DCC Power

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Summary: Digital Command Control may seem very complex, but armed with the proper knowledge, you'll soon understand what makes model railroads operate with DCC.

The Digital Command Control Waveform, as seen on an oscilloscope.[1]

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Overview of NMRA Digital Command Control – Power

You don't need to fully understand the technical details of how DCC works to use DCC on your railroad. If you don't understand everything, don't worry.

NMRA Digital Command Control, unlike other analog and digital Command Control systems, puts a 100% Digital Signal onto the rails, delivering both power and data in the same signal. The digital information is encoded in the time domain by pulse width, not amplitude. It is not superimposed on a DC or AC waveform, nor does it use a high frequency carrier, unlike past and current command control systems. Since the rails are alternately energized or held to zero, there are no issues with polarity.

Since the signal is completely digital, the NMRA Digital Command Control [2] waveform is a square wave. The nature of a square wave results in more demanding requirements for wiring to avoid voltage losses and signal distortion compared to analog control methods.

Too Long Didn't Read (TLDR)

There are too many myths surrounding the DCC signal. Most myths result from applying analog ideas to a digital concept. Some come from a literal interpretation of the NMRA DCC Standards. Others have been promoted over the years due to misunderstandings or dislike for the DCC technology. Another source of confusion is the application of incorrect terminology.

Resist the temptation to apply Analog (DC) concepts to Digital Command Control. Misinterpretations result when attempting to fit DCC into an Analog / Direct Current framework.
  • The booster supplies a binary ON (HIGH) / OFF (LOW) signal which is applied to the power bus, which is carried to the track, then the train.
  • The pulse widths are asymmetrical; the amplitude is symmetrical.
  • The data value is determined by the period from one HIGH state to the next: 106µs (58 + 58) has a value of One, 200µS is a Zero.
  • The data is encoded in the time domain. Rise times and the amplitude of the signal carry no information.
  • There is full power on the rails at all times while the booster output is turned on.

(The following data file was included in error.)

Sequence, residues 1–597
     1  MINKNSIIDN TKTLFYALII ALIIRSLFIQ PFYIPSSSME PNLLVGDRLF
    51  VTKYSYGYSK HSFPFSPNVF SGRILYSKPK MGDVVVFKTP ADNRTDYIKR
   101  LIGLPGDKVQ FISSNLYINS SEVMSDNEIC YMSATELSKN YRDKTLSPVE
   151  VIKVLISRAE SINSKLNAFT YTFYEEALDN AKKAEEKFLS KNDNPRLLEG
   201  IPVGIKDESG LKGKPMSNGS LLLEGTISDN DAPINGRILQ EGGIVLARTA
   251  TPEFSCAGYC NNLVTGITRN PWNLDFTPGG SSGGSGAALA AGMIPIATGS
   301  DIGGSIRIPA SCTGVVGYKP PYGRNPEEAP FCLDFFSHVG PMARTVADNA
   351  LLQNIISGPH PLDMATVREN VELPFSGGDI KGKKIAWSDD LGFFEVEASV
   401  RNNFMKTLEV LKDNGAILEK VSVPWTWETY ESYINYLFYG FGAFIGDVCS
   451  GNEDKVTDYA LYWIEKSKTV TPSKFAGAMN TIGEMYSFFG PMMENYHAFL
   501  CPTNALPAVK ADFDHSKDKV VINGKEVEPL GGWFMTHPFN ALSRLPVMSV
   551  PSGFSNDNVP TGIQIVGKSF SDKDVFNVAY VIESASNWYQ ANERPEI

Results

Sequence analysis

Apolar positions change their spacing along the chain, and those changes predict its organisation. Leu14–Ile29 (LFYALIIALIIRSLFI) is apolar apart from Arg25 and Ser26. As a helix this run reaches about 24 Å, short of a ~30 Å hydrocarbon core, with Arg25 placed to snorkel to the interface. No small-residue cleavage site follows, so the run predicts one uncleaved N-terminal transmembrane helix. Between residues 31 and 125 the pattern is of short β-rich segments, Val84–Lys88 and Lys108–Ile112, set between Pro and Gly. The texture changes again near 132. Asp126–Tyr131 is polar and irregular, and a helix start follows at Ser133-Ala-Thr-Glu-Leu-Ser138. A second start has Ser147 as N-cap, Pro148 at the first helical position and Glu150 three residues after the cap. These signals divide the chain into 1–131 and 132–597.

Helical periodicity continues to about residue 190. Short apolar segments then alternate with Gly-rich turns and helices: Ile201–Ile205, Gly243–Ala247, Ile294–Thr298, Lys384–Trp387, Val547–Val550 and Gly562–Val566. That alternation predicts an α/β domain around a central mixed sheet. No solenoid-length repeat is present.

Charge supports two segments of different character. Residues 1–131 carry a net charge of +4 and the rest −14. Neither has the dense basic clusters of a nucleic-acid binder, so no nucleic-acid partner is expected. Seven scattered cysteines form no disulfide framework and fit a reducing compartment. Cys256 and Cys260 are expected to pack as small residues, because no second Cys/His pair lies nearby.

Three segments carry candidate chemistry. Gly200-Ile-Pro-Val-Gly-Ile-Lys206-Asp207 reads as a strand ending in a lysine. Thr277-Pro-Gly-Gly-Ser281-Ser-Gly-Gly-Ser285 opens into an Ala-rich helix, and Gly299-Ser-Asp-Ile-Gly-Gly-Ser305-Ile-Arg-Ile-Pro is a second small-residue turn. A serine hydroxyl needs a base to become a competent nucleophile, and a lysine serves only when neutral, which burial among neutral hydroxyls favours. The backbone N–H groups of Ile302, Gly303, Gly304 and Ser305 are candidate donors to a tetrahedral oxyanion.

• Voltage (amplitude) does not determine locomotive speed.
  • There is a signal phase present on the rails, where one rail is energized (HIGH/ON) while the other is LOW/OFF. One rail will always be in the opposite (inverted) logical state compared to the other.
  • The phase of the rails does NOT control the direction of the locomotive.
  • There is no polarity, there are only two possible states: HIGH or LOW. There are no negative voltages present.
  • Current flows from HIGH to LOW.
  • The rails are identified as A and B, whose phase can be handled by auto reversers when A meets B in a reverse loop, without need to flip toggle switches.
  • The DCC Signal is in the audio range. There are no high frequency carriers in the Megahertz region.
  • Each output of the booster can be a Source or a Sink, their status is controlled by the data signal from the command station.

The DCC Signal

The Booster

H-Bridge audio amplifier Class D, the speaker could be a motor or the track. The transistor pairs are arranged diagonally across from one another.

The booster is a digital amplifier. It receives a logic level waveform from the command station. Logic level signals have two states: On or Off. The data is contained within the period of the on/off sequence. This logic level voltage is amplified to the necessary track voltage determined by the scale of your model trains.

The amplification is performed by two complementary pairs of MOSFETs (Metal Oxide Semiconductor Field Effect Transistor, often abbreviated to FET)[3], one on the left side and the other on the right, functioning as switches. When the digital input is low, one pair is switched on to create a path for current to flow (Source to Sink) though the power bus. When the digital signal changes to the high state, this pair turns off and the other pair turns on.

For example, when the digital signal is HIGH or ON, pair A (the top left and bottom right MOSFETs) is switched on, delivering power to Rail A through one FET of the pair and facilitating its return on Rail B via the other FET to the power supply.[4][5] The inverter[6] (bottom right) drives the right-hand pair, activating the PMOS FET when the input signal (to the inverter) is High, and the NMOS FET when low. When the input goes low or OFF, the inverter (lower right on schematic) causes the booster's circuitry to connect Rail B to the power supply via the second pair of FETs. This switching sequence creates the pulses on the rails which deliver both data and power to the multifunction decoders on the track. Most boosters are constructed to prevent any output in the absence of a digital input signal from the command station.[7]